1. Cloth diapers are wonderful! I’ve been doing cloth for 3.5 years now, and I just can’t believe that disposable diapers are REALLY more convenient – you can never run out of cloth – just run another load of laundry! The main problem I have with them is that they are more bulky than disposable diapers, making it tougher to put those cute outfits on – generally need a size up on bodysuits and pants. Good luck!

  2. Great post! I really enjoyed reading this and loved your positive review on the benefits of cloth! I’d like to add that cloth diapered babies tend to get less diaper rash than babies in disposables. One of the main reasons for this is that cloth diapered babies are changed more often. Sure, a disposable diaper will hold 6+ hours worth of pee, but would you really want your baby sitting in their own wetness for that long?
    I am looking forward to reading and learning more about your very exciting adventure as you await the new addition to your family =)

    • I agree. I’ve known a few people who were doing a combination of cloth and disposable diapering but who ended up giving up the cloth diapers when the kids developed diaper rash. Switching to exclusive use of disposables did not resolve the rashes (I’d say they got worse), and I can’t help but think they may have had better results if they’d gone the other way. I’m sure there are also a number of babies whose skin is simply reacting to all of the plastics and other chemicals against their skin.

  3. I’ve been thinking about this a lot, too (and my due date is still six months away). We’re totally doing cloth for sure. Have you heard of Bum Genius? Our friends, who have a 4-month-old, swear by it: http://www.bumgenius.com/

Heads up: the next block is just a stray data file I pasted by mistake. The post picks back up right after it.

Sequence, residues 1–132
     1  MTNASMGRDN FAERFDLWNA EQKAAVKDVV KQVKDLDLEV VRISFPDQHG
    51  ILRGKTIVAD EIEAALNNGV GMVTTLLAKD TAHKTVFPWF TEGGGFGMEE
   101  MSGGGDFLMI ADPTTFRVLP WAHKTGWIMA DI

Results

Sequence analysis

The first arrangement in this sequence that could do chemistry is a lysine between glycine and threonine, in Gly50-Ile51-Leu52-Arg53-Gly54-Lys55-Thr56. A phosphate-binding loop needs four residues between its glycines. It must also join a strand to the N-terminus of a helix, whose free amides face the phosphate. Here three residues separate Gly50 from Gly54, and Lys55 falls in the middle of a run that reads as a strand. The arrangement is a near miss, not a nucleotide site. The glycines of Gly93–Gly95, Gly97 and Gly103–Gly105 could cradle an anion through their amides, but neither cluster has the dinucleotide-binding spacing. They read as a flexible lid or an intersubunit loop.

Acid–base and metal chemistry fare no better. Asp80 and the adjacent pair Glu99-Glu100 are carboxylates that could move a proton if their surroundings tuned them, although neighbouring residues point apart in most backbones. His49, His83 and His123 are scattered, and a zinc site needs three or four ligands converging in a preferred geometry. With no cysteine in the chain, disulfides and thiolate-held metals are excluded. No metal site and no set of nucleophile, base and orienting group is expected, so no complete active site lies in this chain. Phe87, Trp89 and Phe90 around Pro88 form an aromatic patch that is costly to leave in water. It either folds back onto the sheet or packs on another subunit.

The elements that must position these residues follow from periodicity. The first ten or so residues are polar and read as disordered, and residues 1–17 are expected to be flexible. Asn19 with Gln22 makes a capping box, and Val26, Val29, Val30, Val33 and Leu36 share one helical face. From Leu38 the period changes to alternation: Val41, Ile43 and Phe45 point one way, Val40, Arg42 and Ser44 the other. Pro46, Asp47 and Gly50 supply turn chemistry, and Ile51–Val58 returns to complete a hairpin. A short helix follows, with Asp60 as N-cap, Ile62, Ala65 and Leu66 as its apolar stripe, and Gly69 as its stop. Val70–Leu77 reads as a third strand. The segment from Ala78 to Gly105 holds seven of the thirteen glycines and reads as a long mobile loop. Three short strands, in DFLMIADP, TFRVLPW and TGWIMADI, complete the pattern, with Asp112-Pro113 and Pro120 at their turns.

Love reading your blog, by the way. Thanks for sharing your story.

    -Dawn (another pregnant paleo mom-to-be)

    • Bum Genius 4.0 (with snaps instead of velcro) is definitely on our top three list. Looks to me to be one of the easier ones to use, and I’ve seen a lot of great reviews about them. We were also considering the Bum Genius all-in-ones, but it sounds like they take quite a bit of time to dry than other diapers (more than 24 hours hang drying, or two cycles in the dryer).

      Thanks for the kind words 🙂 Looks like you’ve got a great blog going yourself! Best of luck with your pregnancy.

  4. I agree, I am not pregnant at this time, but I have often considered using cloth diapers over disposables when the time comes. I am extremely interested in Part 2 of this post. I love your blog and look forward to reading more! 🙂

  5. I used cloth diapers for my babies and they worked just find. If you do a load of laundry everyday then the diapers will not pile up and they will be manageable. Cloth diaper also have a lot other uses to them besides just diapers. Since they are 100% cotton they make a fantastic cleaning rag or dust rag when you are done with them as a diaper so don’t get rid of them. You can use paper diapers for convenience when you are away from home but cloth diapers are number one for me. Please visit my new web site at [EDITED – no advertising please] for all your baby needs at affordable prices.